9. * 25 years, 5 continents, no marketing budget or advertising department
          10. * African villages, corporate boardrooms, all kinds of churches, the Peace Corps and the Pentagon, Banks and Techs, government and community organizations, school leaders and youth groups... with anywhere from 5 to 1000 people at a time
          11. * Outstanding results -- it will work here, too
          12. Descibe the Process - How this is going to work today
          13. * Invite those who want to, and nobody has to
          14. * Identify some issue/opportunity related to our theme
          15. * Something you have real passion for and will take personal responsibility for starting the conversation about it
          16. * Don't have to be an expert with answers, need to care enough to ask the question and start the conversation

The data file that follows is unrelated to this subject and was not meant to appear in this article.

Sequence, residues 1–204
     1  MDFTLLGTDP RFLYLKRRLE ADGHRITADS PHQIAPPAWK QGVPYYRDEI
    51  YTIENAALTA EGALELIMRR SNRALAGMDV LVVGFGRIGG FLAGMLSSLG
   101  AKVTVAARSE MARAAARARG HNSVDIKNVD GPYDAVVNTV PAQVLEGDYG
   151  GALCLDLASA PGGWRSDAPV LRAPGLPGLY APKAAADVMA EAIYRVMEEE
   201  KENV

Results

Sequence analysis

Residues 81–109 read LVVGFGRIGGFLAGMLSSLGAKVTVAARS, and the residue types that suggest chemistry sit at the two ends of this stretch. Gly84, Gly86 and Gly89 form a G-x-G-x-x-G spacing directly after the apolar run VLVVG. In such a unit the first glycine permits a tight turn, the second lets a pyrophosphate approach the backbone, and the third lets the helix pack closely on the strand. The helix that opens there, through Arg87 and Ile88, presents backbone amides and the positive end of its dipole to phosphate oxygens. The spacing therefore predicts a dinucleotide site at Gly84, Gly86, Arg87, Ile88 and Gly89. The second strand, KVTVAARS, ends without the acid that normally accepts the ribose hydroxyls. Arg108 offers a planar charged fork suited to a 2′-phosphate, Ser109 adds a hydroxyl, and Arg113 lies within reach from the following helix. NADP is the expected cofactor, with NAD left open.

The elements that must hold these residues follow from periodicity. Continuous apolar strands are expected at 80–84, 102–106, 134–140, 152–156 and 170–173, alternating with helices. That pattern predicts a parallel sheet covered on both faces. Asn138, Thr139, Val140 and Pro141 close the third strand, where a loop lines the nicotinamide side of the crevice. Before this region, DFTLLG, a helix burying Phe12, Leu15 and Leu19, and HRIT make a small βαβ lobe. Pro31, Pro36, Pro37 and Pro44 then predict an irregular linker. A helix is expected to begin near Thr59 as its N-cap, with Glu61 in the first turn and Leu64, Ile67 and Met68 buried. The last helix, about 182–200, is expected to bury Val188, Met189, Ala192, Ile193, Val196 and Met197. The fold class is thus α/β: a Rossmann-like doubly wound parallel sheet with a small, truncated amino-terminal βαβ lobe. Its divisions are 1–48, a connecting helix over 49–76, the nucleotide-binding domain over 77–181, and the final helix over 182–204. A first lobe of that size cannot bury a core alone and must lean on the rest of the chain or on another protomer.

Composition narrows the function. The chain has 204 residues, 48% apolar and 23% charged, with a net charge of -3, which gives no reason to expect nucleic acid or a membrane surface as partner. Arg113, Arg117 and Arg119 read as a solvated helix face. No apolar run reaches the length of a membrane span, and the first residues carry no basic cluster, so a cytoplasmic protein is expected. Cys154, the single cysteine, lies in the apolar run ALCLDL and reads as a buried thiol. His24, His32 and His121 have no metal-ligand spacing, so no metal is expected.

17. * If nothing occurs to you, fine -- if more than one, post them on separate pages
          18. * In a minute, ask to come forward, grab the paper and markers
          19. * Write your topic and you name
          20. * Read it out -- "my name is ... and my issue is...."
          21. * Post it on the wall so everyone who shares your interest can find your conversation
          22. The Four Principles
          23. * Whoever comes are the right people don't need 100 people and the ceo to do good work...need the people who care if nobody comes, might be a bad idea, or just bad timing you might be the only one who knows enough to deal with it or see its importance take it as just another piece of information, spend time on it yourself or move on